• Rotemberg and White on measuring cross-country differences in misallocation: This paper shows just how important we are on measurement choices for how we think about the world. They revisit the incredibly influential (and cited more than 2,800 times) Hsieh and Klenow (2009) paper which argued that firms in India have a lot more misallocation than those in the U.S., and show that this entire result may stem from the way the U.S. census bureau cleans firm census data – basically the census bureau cleans up its data by editing outliers, imputing data, and matching to alternative data sources, which is not done in developing countries. Measured misallocation is no higher in India than the U.S. when the same measurement methods are used in both countries.
  • Rigol, Hussam and Roth on targeting high ability entrepreneurs using community information: this is Natalia’s job market paper this year, and is work I’ve seen grow from the idea stage where they pitched it as part of the SME ideas competition I ran to a fully realized and impressive paper. Much of the work on entrepreneurship shows how hard it is to predict which firm’s will succeed. You would think that predicting further who would have the highest treatment effects would be even more difficult. But this work shows that, amongst poor households in India, community members can predict which individuals will have the highest marginal returns from small grants – and that so can machine learning done on data from Sri Lanka.
  • Andrabi, Das, Khwaja,  Ozyurt and Singh on Upping the Ante: The Equilibrium Effects of Unconditional Grants to Private Schools. I’ll count this one, since they have been presenting it over the year, even though the working paper isn’t yet out. They take the idea of private schools as firms seriously, and investigate what happens at the market level when you give grants to only one school in a market, versus to all, and find schools respond by increasing capacity in the first case, but only increase quality in the second.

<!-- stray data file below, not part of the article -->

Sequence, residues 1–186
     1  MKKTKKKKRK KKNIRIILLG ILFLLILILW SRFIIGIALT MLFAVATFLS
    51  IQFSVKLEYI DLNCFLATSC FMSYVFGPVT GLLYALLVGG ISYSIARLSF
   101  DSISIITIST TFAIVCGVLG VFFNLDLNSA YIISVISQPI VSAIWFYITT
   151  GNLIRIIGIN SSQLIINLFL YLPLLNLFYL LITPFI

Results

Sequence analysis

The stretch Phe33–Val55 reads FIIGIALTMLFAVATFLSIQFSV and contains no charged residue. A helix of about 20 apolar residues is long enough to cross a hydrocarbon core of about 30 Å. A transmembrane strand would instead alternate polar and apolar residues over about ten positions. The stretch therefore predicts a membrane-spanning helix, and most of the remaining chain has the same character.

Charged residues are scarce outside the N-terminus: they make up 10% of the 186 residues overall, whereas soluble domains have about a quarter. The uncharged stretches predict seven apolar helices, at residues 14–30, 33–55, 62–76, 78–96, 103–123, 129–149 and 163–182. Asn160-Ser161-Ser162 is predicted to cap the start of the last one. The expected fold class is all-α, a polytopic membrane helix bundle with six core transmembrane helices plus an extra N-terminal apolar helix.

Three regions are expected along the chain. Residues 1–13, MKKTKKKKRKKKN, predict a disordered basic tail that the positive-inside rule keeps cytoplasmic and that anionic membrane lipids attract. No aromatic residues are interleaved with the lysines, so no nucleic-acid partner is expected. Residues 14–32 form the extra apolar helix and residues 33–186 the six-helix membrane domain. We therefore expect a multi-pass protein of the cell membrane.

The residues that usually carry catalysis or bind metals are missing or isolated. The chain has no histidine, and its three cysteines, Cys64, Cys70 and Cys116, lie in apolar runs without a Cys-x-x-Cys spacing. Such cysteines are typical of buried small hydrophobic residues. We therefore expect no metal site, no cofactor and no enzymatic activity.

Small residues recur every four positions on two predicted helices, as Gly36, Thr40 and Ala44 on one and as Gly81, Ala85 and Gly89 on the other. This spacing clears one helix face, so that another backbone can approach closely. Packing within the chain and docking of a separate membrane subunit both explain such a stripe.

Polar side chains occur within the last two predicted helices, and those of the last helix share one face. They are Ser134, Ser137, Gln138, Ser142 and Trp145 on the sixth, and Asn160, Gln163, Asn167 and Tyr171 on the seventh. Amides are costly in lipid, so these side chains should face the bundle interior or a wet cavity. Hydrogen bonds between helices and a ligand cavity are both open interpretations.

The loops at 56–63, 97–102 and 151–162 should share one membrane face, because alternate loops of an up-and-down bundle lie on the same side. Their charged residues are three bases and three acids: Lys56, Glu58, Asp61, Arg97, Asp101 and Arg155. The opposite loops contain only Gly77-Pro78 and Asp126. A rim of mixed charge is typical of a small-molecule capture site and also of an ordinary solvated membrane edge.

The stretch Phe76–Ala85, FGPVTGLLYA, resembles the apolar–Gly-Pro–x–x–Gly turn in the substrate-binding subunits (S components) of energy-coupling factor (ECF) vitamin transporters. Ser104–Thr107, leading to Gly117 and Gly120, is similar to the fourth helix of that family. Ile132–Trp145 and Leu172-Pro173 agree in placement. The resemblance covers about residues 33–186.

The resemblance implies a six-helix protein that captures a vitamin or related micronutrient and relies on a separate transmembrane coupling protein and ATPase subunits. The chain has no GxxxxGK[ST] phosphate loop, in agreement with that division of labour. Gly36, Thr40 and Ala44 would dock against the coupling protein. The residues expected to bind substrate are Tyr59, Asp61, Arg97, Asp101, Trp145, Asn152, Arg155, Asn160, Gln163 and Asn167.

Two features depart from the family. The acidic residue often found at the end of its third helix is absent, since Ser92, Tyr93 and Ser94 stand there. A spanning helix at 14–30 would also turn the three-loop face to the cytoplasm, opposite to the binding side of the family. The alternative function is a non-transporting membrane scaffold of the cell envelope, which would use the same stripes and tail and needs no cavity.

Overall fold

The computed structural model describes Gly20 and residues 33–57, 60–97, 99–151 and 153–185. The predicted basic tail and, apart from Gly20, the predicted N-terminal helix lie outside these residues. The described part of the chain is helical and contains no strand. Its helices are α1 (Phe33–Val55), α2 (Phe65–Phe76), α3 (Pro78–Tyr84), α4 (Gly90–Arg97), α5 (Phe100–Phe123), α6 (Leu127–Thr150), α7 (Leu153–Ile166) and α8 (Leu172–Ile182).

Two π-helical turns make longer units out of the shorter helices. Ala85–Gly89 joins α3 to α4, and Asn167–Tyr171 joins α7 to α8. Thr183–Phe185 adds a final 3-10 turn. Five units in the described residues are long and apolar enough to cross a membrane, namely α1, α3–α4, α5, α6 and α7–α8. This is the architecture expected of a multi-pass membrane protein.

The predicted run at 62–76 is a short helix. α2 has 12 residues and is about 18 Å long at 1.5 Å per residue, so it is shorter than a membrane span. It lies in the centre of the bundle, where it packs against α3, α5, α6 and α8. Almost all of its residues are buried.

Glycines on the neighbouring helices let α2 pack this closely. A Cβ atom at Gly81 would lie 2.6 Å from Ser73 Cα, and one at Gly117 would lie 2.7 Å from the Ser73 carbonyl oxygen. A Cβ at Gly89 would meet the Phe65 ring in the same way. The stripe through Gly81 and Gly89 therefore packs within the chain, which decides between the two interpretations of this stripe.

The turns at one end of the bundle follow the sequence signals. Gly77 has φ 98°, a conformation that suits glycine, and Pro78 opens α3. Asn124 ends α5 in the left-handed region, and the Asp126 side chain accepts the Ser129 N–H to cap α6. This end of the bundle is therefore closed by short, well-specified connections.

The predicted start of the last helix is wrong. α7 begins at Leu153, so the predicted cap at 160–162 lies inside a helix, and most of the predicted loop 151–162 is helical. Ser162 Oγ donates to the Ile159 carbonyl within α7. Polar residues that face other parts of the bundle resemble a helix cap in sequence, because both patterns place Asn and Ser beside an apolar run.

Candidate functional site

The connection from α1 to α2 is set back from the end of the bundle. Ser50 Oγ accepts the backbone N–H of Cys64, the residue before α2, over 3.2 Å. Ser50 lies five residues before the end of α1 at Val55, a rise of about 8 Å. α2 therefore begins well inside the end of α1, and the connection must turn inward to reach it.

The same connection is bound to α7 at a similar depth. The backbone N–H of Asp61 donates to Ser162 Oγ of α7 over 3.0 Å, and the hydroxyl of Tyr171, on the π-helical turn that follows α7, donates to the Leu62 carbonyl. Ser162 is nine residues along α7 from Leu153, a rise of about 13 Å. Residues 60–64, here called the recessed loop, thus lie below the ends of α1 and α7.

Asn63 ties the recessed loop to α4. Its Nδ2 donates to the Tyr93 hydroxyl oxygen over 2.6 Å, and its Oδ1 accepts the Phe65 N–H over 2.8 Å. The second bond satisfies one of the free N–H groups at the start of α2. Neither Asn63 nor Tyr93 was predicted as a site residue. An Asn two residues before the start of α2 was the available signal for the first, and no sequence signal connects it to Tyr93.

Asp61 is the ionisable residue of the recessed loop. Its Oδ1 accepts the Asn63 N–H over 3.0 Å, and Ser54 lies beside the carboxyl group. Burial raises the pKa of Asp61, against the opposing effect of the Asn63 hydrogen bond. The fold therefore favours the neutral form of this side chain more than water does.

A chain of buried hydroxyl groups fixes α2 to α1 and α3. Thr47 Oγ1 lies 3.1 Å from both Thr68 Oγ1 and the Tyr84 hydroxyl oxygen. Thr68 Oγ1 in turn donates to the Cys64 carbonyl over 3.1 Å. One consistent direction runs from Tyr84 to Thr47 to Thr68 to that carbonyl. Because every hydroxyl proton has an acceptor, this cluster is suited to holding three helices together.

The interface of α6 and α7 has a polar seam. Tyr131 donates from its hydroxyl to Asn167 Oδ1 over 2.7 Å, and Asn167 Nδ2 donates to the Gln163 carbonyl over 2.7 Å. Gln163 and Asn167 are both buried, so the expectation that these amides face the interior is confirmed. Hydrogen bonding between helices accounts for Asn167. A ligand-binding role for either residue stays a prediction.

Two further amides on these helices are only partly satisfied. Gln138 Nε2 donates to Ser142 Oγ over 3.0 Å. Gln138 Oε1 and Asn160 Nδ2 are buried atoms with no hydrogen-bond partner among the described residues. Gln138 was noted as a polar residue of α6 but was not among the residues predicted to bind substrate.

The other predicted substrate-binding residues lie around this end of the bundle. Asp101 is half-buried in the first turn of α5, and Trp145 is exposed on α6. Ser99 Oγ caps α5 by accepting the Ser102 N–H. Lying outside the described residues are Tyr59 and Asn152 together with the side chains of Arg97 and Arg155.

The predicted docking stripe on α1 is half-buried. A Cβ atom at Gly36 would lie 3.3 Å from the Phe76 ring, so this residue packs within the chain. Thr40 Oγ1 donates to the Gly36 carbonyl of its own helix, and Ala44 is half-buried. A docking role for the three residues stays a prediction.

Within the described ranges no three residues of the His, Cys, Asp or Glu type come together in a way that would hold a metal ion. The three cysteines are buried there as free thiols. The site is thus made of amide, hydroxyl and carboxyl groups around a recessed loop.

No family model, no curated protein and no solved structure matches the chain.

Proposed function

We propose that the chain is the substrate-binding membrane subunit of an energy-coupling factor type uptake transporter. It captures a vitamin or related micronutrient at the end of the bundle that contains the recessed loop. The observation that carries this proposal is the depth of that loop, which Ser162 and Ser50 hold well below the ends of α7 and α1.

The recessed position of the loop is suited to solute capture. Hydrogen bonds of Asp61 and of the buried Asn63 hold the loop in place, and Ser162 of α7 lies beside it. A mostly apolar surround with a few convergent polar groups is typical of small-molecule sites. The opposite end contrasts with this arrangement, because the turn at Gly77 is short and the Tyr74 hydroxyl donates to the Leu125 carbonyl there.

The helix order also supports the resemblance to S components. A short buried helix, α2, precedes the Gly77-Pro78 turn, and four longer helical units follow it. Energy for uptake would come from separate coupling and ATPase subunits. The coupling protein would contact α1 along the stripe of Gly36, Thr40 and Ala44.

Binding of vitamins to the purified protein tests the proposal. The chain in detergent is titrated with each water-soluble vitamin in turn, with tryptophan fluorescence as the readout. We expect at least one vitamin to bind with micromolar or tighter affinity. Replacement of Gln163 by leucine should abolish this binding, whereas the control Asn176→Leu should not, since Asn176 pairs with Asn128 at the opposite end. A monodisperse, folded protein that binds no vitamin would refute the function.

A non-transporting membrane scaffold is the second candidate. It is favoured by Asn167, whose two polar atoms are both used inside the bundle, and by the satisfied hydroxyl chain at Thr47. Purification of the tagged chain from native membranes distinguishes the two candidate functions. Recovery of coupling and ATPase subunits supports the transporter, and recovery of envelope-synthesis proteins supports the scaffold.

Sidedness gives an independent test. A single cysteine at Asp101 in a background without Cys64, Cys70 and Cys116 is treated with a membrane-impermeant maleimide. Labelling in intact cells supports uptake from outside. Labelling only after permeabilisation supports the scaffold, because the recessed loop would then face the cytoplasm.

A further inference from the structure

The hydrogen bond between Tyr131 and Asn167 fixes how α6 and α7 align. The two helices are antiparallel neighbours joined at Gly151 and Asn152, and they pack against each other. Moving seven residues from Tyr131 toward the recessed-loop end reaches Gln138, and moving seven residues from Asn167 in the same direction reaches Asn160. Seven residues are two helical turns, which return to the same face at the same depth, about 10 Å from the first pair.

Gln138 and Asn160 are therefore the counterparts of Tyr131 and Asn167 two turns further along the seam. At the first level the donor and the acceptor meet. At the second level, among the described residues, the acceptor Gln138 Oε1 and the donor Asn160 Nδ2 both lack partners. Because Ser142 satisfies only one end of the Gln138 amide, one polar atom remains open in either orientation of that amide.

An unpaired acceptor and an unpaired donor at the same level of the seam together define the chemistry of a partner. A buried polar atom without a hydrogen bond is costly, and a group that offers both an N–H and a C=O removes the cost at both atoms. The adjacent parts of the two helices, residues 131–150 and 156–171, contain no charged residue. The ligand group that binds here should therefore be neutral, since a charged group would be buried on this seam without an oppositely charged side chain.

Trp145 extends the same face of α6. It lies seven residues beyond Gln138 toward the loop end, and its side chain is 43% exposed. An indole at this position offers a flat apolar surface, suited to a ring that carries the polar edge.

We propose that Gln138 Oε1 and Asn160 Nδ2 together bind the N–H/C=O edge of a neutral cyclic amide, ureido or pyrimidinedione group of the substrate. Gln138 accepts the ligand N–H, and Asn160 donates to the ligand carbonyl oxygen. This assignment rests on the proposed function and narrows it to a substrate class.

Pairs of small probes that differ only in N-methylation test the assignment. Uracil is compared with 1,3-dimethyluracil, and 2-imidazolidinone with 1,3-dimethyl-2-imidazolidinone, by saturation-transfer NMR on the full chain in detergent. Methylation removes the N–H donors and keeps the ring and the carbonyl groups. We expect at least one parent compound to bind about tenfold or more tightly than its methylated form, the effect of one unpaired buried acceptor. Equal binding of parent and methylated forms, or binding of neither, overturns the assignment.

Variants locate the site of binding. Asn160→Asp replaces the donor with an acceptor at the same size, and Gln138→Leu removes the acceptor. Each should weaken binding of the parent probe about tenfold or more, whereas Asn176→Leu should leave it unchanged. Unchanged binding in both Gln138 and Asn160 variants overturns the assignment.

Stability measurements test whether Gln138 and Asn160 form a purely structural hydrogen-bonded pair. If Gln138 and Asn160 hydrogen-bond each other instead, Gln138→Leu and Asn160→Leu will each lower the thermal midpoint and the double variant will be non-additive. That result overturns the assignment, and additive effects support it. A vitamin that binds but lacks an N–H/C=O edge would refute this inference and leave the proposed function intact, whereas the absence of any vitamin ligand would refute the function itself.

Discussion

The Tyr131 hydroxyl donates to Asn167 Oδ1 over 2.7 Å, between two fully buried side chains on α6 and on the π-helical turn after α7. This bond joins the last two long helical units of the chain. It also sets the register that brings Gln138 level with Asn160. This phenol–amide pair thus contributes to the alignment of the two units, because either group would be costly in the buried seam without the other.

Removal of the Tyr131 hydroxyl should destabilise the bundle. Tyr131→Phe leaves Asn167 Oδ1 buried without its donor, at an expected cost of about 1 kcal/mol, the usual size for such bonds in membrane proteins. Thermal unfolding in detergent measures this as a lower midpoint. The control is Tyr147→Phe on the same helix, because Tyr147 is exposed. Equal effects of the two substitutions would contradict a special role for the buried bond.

Three from Markus Goldstein

Maybe I just need a vacation, but I’m feeling particularly reflective and so I’ll pick three pieces that made me think more this past year:  
  • David’s paper on firm death.   Because a) it’s a huge public good pulling together all of that data to give us the most definitive numbers on the topic, and b) it raised a lot more interesting questions for me than the average paper (e.g. why do female owned firms die faster)? 
  • Bernhardt et. al. on thinking about household investment choices in male owned vs. female owned enterprises.   Because it a) raised a host of really interesting questions, b) made me go back to thinking about seperability, and c) was a nice use of existing impact evaluation data.
  • Ruth Levine’s blog post on the moral case for evidence and what it means for impact evaluation.   Because a) she skillfully links impact evaluation and distributive justice, b) made me really think (it’s worth reading more than once) about what I am doing and why, and c) her arguments matter more each day.  
 
Three favorites from Dave Evans